Tarrant Hinton

The river continues its course downstream, through the fields to join the road at Tarrant Hinton. The small garage on the eastern side of the river was once used as a location for a scene in the well-known television series Only Fools and Horses. The river continues to run closely run parallel to the road with small bridges leading to the homes on the other side. On reaching the main A354, the road splits into a one way system, where once stood the village pub; The Crown. Occasionally a creative resident decorates the traffic island with a jolly character! On the western side of the village, the southern side of the A354, is where the Great Dorset Steam Fair takes place. When here its presence dominates; when absent it’s hard to believe it is ever there.

The Great Dorset Stream Fair

An annual world renowned steam fair featuring steam powered vehicles and machinery, it covers 600 acres (2.4 km2) and runs for five days at the end of August. It is the largest collection of steam and vintage equipment to be seen anywhere in the world. A fairground, animal shows, craft, food and a large market also fill the site, its presence undeniable in the valley.

Tarrant Launceston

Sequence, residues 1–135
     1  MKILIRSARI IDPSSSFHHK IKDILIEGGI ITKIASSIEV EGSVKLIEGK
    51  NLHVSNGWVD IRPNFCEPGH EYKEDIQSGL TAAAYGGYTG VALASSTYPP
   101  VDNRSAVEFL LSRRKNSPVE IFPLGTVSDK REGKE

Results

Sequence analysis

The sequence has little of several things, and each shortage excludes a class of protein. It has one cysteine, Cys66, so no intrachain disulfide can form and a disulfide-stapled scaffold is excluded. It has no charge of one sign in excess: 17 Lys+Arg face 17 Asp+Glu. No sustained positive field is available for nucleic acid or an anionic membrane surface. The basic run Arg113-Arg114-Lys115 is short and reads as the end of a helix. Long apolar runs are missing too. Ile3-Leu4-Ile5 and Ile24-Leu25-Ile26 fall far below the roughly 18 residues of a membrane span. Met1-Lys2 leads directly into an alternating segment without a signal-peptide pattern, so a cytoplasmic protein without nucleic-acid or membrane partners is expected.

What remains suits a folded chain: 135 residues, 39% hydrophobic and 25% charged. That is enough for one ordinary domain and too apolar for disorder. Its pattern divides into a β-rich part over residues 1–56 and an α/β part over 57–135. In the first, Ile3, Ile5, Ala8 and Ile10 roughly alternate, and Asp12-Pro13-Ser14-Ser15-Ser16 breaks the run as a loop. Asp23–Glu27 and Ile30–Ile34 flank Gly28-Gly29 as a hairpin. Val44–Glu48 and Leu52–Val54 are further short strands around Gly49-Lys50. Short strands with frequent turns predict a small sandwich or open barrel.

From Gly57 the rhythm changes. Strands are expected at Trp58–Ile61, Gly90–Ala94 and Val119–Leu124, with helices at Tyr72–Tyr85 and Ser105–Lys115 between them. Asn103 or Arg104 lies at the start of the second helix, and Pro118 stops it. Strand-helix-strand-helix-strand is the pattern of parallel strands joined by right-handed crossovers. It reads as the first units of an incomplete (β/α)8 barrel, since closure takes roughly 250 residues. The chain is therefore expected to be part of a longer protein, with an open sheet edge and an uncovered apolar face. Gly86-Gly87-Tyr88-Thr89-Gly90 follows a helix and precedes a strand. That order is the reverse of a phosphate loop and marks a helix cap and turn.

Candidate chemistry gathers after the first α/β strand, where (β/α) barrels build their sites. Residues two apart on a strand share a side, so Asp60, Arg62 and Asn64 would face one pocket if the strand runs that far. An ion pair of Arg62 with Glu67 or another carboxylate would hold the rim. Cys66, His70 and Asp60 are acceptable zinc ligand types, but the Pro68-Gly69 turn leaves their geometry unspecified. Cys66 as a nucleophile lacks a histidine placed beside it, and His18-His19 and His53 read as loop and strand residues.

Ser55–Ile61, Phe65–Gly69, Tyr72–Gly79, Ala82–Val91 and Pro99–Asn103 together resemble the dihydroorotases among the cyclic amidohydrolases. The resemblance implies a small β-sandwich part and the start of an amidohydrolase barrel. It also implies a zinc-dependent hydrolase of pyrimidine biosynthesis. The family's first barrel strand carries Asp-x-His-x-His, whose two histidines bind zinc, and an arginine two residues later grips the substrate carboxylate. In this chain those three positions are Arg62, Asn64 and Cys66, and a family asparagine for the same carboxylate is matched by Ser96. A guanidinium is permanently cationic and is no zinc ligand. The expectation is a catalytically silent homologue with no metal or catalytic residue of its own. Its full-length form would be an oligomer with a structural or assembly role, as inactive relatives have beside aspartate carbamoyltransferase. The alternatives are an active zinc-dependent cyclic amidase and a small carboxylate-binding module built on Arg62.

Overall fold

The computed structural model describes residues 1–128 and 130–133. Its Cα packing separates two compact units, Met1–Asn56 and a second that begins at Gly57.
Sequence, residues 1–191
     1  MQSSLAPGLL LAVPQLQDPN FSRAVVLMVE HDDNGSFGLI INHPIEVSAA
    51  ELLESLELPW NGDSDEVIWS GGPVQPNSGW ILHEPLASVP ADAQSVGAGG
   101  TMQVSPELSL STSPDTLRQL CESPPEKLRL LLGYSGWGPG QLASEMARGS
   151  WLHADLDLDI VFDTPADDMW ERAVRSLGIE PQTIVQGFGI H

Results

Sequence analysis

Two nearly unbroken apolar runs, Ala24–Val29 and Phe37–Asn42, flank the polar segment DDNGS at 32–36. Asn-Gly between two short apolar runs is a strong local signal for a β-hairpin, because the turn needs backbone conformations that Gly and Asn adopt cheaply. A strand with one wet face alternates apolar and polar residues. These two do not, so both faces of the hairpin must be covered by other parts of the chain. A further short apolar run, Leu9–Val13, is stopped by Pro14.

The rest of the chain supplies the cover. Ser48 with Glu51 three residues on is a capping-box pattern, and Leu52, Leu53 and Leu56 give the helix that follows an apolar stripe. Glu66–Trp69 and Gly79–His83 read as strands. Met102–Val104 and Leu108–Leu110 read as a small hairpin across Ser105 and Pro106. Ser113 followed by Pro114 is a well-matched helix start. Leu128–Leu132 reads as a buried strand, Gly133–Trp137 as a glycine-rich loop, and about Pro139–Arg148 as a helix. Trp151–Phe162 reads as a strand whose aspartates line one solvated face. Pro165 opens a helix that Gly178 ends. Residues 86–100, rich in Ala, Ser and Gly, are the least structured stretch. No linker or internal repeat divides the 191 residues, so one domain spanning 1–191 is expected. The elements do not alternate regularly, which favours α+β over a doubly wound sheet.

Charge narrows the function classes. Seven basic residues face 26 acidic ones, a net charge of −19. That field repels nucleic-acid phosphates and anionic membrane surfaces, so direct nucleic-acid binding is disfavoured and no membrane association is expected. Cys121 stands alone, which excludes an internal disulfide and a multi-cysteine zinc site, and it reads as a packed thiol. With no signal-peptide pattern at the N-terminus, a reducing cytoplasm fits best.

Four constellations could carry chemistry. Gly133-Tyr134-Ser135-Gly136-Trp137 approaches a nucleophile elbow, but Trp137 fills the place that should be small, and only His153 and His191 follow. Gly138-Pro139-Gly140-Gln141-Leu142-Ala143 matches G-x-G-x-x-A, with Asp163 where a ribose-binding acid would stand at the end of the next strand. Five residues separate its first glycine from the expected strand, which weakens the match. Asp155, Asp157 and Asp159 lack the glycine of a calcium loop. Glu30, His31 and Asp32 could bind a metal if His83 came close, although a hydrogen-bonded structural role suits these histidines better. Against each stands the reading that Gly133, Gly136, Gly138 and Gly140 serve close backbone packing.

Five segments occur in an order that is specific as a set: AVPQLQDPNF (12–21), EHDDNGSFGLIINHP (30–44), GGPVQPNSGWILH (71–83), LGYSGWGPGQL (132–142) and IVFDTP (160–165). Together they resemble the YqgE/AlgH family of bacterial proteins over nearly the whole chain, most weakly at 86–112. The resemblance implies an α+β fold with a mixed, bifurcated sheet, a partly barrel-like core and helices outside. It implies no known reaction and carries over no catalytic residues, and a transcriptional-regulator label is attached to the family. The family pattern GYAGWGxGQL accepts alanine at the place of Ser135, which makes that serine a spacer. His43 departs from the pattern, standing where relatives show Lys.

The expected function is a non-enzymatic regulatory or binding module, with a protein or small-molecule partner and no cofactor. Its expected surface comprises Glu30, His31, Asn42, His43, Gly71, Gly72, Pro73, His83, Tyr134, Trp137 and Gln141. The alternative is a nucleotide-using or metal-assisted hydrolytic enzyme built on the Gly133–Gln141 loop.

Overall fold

Continuing along the western side of the road the river passes by a number of farms as it enters Tarrant Launceston. This is the only Tarrant village without a church. It is also the village which is said to have once contained a monastery, although the exact location is unknown. However, the first farm the river comes to, Higher Dairy, has remains of an old chapel, possibly related to the monastery in some way. The hamlet, rather than village, contains only a few homes before it quickly merges with Tarrant Monkton.

The Dorset Hut maker

Adaptable, and versatile shepherd’s huts suitable for leisure or business uses, combining craftsmanship, quality materials, and bespoke design are made here at Launceston farm.

Launceston Farm

This is a family run farming business who have developed barns that once housed heavy horses and seasonal workers into luxury home stays and an events venue. The farm was converted to organic in 2008; a regenerative method of agriculture which demands the highest levels of animal welfare, lower levels of pesticides, no manufactured herbicides or artificial fertilisers and more environmentally sustainable management of the land and natural environment, which means more wildlife.